Archive for the ‘Books’ Category
Harold McGee poops on any romantic sentiment you may have ever associated with cooking. All your warm nostalgia about grandma’s mashed potatoes and green bean casserole is silly and juvenile. Grow up. That beautiful pork chop your searing in your backyard, it’s a hot bed of chemical reactions; enzymes breaking down, protein strains reconfiguring. Do you really want to know exactly what has to happen in the production of most dairy ingredients? How about hot dogs? Mmmm, this biology tastes delicious.
McGee’s book, On Food and Cooking: The Science and Lore of the Kitchen, (recently republished after a 20 year update) is the definitive examination of the physical, chemical and biological mechanisms that occur in every aspect of the food we grow, prepare and eat today. And it is fantastic. Complete with molecule charts and drawings of cell structures, McGee is not a casual read or source for weeknight dinner ideas. But for anyone interested in becoming a better cook, and that includes those that can barely toast bread, I cannot recommend this book highly enough.
To be honest, Marco Pierre White was more on my radar as another pretentious, jackass chef booking yet another formulaic reality show promoted to match Gordon Ramsey’s scream-themed extravaganza. I’ve never been a fan of Hell’s Kitchen, but the idea of second British chef throwing pans around for the cameras gave me a headache just thinking about it. I had heard of White in passing. While reading about other chefs it seemed like everyone respected and feared the guy, and there wasn’t much more to know other than he seems to be an old school talent, notorious for “bollockings” and as more of a personality than a chef.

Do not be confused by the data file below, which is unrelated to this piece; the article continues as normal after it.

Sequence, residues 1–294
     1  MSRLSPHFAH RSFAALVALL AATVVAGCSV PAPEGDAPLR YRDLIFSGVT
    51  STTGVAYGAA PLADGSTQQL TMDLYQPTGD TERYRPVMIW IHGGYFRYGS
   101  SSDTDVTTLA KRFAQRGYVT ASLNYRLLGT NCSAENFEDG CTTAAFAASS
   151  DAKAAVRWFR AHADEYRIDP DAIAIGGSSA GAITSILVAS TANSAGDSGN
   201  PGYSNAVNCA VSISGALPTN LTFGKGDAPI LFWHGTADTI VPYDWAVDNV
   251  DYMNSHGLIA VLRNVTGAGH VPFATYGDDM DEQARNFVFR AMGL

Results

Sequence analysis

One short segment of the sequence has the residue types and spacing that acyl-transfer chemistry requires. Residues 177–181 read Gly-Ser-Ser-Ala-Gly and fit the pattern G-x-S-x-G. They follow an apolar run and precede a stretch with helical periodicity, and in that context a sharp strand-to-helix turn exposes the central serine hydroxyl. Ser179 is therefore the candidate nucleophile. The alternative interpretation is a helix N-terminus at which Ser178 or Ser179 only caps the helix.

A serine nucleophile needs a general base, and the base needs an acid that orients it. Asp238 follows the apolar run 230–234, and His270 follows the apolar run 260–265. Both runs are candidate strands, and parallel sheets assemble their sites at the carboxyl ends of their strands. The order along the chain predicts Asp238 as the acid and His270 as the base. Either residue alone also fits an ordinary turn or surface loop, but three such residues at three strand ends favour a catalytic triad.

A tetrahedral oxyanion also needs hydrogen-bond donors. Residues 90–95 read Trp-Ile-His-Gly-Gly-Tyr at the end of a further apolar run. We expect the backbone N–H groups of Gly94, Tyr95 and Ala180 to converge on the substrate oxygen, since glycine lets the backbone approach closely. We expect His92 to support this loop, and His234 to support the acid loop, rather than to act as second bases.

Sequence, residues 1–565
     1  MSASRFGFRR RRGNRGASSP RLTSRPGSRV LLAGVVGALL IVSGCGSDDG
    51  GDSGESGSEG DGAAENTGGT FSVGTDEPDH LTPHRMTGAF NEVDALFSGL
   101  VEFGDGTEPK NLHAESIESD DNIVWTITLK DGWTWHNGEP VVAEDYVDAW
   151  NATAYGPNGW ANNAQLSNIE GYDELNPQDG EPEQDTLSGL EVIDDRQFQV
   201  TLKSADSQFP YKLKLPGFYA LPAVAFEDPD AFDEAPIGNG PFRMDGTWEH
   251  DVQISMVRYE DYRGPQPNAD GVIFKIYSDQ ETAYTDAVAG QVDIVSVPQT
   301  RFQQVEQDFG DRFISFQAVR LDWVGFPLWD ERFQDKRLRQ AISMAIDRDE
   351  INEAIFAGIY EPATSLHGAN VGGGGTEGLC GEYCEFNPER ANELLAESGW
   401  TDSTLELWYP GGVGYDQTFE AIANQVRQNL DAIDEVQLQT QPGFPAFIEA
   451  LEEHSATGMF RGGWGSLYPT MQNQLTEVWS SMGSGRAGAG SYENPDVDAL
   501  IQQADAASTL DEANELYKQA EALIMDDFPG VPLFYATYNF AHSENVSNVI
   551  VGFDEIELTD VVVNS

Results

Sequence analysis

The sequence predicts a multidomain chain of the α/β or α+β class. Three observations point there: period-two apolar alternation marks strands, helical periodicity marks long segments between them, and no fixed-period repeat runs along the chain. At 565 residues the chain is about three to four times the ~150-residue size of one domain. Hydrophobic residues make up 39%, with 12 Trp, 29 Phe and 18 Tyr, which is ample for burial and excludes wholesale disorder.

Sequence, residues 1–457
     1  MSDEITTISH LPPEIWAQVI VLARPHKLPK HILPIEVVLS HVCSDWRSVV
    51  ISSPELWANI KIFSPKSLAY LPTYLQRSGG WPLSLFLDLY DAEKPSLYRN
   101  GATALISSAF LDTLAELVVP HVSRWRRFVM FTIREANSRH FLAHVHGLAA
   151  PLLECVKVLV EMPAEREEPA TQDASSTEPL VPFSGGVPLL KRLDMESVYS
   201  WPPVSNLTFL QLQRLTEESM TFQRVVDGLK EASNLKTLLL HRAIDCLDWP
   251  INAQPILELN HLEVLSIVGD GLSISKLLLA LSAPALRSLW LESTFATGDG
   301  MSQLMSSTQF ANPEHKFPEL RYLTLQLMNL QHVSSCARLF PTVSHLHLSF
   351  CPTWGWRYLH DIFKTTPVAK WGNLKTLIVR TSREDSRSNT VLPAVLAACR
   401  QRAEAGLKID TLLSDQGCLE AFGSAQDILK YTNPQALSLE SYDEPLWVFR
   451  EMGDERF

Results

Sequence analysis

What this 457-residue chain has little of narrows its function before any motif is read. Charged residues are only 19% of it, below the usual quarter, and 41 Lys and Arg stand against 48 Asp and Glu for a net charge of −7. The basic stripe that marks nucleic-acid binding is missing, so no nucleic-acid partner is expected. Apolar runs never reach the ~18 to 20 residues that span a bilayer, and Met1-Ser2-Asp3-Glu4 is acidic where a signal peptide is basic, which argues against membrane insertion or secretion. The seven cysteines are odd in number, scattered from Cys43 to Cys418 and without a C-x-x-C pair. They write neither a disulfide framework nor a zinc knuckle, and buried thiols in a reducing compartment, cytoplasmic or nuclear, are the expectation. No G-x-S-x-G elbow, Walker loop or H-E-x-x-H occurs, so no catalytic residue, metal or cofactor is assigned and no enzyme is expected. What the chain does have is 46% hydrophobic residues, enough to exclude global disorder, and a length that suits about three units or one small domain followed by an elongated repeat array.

But then I stumbled upon White’s autobiography, The Devil in the Kitchen, and it became clear that I had not been paying attention to a chef so tortured and driven by the highest standards, it was almost impossible for me not to like him. A pretty serious change of heart I know, but the book follows a narrative I’ve really come to love. If you enjoyed Kitchen Confidential or Heat, you’re most likely going to enjoy this book. White is a blistering madman, and the book slowly eases you into his frantic and obsessive universe. Whether or not you accept his justifications and explanations for his constant intensity is irrelevant. Obsession is a fascinating spectator sport, and despite the antics, you have to respect this guy’s passion.